Bill Shine covered up for the biggest slimeballs at Fox News. But he still has no idea what he's in for at the Trump White House.
Trump has found his new communications director, and it's Bill Shine — the former co-president of Fox News who resigned in disgrace last year over allegations that he covered up for Roger Ailes' and Bill O'Reilly's sexual abuse of women.
It sounds like the perfect fit for Trump, in the worst possible way.
A president who is obsessed with his coverage on Fox News will be advised by a former Fox News head honcho who knows how the network operates from the inside.
And a serial abuser of women will get a top adviser who is an old pro at covering for serial abusers of women.
The allegations against Shine are shocking. He hasn't been accused of sexual assault or harassment himself, but he's been named in multiple lawsuits alleging that he helped facilitate or cover up sexual harassment at Fox News.
He is accused of arranging clandestine meetings between Roger Ailes and the woman he abused for 20 years, Laurie Luhn; calling Luhn's father to try to get her committed to a mental institution; electronically surveilling former host Andrea Tantaros and pressuring her to drop her sexual harassment claims; and covering up for Bill O'Reilly when the network secretly paid out millions of dollars to settle sexual harassment claims on his behalf.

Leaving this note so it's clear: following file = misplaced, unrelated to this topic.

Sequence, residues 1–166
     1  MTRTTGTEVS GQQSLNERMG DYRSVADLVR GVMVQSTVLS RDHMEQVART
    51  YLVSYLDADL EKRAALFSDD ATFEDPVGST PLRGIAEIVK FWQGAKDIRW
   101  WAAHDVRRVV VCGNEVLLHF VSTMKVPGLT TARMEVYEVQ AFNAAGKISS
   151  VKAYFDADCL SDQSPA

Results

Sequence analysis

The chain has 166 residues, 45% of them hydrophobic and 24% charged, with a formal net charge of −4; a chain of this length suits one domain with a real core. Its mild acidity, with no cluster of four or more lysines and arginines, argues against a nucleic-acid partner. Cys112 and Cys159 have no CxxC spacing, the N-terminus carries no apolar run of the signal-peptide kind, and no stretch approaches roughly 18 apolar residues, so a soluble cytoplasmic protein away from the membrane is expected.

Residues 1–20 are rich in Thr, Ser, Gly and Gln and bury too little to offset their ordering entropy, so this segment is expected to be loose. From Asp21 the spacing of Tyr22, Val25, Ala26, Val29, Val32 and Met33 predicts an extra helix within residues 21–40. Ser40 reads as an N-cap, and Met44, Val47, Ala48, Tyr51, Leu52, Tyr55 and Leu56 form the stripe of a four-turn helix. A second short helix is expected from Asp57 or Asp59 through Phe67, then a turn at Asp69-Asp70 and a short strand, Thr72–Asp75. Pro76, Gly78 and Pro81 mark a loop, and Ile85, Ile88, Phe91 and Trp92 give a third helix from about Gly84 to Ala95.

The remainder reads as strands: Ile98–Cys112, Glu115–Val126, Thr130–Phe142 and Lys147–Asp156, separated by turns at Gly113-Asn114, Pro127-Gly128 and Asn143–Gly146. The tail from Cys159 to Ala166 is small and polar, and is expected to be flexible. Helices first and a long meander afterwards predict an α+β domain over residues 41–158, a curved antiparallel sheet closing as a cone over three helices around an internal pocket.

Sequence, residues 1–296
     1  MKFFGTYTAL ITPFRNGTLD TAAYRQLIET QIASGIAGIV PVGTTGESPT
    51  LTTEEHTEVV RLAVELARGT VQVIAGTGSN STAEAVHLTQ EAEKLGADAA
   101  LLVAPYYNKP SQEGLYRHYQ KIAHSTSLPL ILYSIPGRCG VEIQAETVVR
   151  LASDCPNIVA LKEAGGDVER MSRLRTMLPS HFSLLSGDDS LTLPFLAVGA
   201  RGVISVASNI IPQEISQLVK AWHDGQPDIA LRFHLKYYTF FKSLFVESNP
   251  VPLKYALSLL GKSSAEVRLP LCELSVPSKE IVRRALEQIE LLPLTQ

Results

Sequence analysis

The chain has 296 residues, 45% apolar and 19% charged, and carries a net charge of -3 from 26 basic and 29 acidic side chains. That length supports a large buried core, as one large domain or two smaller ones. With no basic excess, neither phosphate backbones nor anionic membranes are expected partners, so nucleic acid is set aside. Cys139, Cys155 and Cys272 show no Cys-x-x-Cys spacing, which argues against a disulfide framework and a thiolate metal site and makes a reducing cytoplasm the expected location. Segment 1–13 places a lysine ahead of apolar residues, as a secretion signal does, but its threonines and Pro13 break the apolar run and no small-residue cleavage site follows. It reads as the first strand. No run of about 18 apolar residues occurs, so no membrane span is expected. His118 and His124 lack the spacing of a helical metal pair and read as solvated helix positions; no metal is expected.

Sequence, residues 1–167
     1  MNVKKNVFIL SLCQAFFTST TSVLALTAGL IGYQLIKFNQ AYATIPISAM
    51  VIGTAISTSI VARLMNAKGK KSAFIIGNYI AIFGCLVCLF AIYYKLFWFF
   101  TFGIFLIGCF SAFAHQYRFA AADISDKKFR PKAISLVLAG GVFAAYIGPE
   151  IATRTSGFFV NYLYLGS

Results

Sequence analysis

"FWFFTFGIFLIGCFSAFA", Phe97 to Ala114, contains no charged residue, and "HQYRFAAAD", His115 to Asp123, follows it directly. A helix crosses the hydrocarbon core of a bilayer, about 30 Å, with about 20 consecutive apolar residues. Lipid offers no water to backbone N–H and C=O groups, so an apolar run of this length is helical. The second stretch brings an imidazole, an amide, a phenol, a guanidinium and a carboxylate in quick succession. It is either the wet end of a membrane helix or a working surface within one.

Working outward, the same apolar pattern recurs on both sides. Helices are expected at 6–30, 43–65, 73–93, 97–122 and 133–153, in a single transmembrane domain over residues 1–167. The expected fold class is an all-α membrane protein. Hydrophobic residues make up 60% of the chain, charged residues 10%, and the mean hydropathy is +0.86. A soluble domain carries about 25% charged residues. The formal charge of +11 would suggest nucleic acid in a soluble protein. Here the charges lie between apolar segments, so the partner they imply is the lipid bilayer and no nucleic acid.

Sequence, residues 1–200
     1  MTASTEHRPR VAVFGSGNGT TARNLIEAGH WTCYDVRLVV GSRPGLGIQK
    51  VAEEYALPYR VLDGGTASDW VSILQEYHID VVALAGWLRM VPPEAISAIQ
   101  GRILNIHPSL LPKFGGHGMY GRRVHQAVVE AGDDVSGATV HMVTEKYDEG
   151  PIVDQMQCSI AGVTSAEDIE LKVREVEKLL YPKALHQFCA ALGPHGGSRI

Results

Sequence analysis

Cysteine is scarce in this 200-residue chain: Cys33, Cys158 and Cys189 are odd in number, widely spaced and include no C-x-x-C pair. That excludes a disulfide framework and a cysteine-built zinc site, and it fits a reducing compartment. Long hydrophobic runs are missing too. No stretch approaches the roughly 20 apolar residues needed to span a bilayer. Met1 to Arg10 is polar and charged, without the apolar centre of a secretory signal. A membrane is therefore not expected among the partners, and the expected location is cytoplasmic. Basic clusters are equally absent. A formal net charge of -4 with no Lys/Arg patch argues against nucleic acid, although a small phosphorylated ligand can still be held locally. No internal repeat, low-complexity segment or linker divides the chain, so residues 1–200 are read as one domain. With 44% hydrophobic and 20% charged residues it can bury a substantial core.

Trump also tends to surround himself with a lot of advisers who have a history of sexual misconduct, like former White House staff secretary Rob Porter, former adviser Steve Bannon, former campaign manager Corey Lewandowski, and former labor secretary nominee Andrew Puzder.
But even if they have a lot in common, Bill Shine is in for a rude awakening if he thinks he can manage Trump the way he used to manage his anchors.
Fox News is known for its intense message discipline, even (and especially) when that message totally contradicts reality.
Sure, Trump is great at contradicting reality with his constant lies — but he's also great at contradicting his own advisers, constantly changing his story, and throwing White House communications into chaos.
Even John Kelly, a retired Marine general, has given up on keeping Trump in line.
In the four months since his former right-hand woman Hope Hicks resigned, Trump has been acting as his own communications director — which has led to such memorable moments as Trump's deranged, unplanned interview with Fox and Friends on the White House lawn.
Shine will fit right in with Trump's misogynistic, shallowly media-obsessed White House. But it probably won't be long before he wants out.
Published with permission of The American Independent Foundation.